BOUNTIFUL -- A field of six candidates is vying for two four-year council seats this year in a primary election showdown in Davis County's second-largest city.
Two of the six candidates will be eliminated from the field in an Aug. 13 primary. The candidates include incumbent Fred Moss, who is seeking his third term, former councilman John Pitt, Kendalyn Harris, Suzanne Galloway, Richard Watson and Meagan Becker.
A fiscal conservative, Moss says the big issue of this campaign is the economy. He said he is working to attract and keep business in the city. He has voted against building a new City Hall on several occasions.
The 60-year-old councilman is the owner and CEO of Dominion Engineering Associates and is an owner of Dominion Power Services Co., a hydroelectric power business. He has been actively involved in issues involving the Bountiful City Power & Light Company, as chairman of the power commission and currently serves on the board of directors of the Intermountain Power Association, a group made up of 23 Utah communities and six California cities.
Watson, 57, has been active in city events for several years through his involvement on the Community Service Council, where he spearheaded the summer concert series in local parks. He also serves as a member of the board for the Bountiful Community Food Pantry.
He said the big question facing local voters is how much multifamily housing should be allowed in the community. He said he does not favor the addition of big apartment buildings to the community. He also supports an ongoing effort to add more parks.
A graduate of Utah State University, Watson currently works as a space analyst for Associated Food Stores. He and his wife, Carol, are the parents of two boys.
Pitt, 50, seeks to return to local government. He has more than 25 years of professional experience in business development, corporate training and communications. He is an economic development and contract procurement consultant for Logistic Specialties, Inc.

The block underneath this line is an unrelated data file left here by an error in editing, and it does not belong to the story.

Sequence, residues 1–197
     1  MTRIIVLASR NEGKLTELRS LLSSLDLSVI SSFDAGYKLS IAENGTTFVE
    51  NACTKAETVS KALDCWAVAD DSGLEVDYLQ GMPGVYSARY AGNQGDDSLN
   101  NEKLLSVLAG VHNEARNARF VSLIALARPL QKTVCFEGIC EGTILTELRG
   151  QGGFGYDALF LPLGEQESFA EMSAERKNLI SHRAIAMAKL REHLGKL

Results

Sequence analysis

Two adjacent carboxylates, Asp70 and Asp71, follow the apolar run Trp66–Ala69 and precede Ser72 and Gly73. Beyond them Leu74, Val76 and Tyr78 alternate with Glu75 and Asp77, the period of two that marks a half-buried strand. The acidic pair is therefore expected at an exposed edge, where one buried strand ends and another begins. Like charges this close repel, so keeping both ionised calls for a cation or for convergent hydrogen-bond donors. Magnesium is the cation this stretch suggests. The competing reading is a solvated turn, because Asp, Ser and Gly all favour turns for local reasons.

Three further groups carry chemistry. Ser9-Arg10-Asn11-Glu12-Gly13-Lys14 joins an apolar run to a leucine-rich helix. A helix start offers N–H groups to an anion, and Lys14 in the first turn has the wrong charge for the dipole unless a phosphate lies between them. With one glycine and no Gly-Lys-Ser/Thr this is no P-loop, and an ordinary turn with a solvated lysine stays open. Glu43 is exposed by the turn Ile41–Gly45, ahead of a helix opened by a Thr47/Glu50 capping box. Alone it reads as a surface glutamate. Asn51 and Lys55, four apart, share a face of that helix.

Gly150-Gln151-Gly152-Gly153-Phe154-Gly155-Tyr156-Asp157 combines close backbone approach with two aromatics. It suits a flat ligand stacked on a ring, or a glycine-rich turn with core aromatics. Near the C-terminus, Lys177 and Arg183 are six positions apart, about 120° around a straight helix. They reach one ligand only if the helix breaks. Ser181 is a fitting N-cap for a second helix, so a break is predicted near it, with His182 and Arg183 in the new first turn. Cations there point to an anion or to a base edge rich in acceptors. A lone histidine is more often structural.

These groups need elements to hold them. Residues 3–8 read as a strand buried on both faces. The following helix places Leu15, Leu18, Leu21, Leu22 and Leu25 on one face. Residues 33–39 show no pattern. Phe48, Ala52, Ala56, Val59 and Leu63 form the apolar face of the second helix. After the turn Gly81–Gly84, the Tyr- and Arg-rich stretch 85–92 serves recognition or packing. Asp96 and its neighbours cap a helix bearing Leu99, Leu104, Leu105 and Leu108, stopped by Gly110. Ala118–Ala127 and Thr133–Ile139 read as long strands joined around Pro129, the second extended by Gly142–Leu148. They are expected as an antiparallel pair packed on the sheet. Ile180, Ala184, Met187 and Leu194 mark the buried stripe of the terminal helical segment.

"My primary focus, if elected, will be to bring a dramatic new level of economic growth and development to Bountiful and to all South Davis County," Pitt said. "Not simply because it helps our vital business community, but because economic development is absolutely the best way to strengthen our entire community without raising taxes."
Harris, 38, said she thinks it is critical that voters consider what lies ahead for city residents.
"This question impacts zoning questions, revitalization for businesses, and the cost of living for our children and grandchildren. If we focus on redevelopment efforts, Bountiful will continue to be a wonderful place to live, but it will also keep taxes low for families if we plan in collaborative and effective ways," Harris said.
A business owner, she is the mother of four children.
Becker, 33, is a former news reporter and professor of journalism who sees curbing the loss of tax revenue to neighboring communities as a key issue. She said the city needs to attract new development and business. She has even suggested the city should consider a restaurant district.
The mother of four also said city leaders need to tackle the sensitive issue of deer control and management. She said that will require residents and city leaders working together.
Galloway also thinks deer management is an important issue, though she praises local leaders for the quality of life in the community. She thinks addressing aging infrastructure is the biggest issue facing voters.
"I feel that it is the everyday functionality of the city, including the streets and their need for repaving, improvements to the sewer system, replacing some of the 50-year-old water lines and so forth. These items require money to fix," Galloway said.
Galloway, 52, has worked for the Utah State Tax Commission for the past 10 years. She is the mother of one.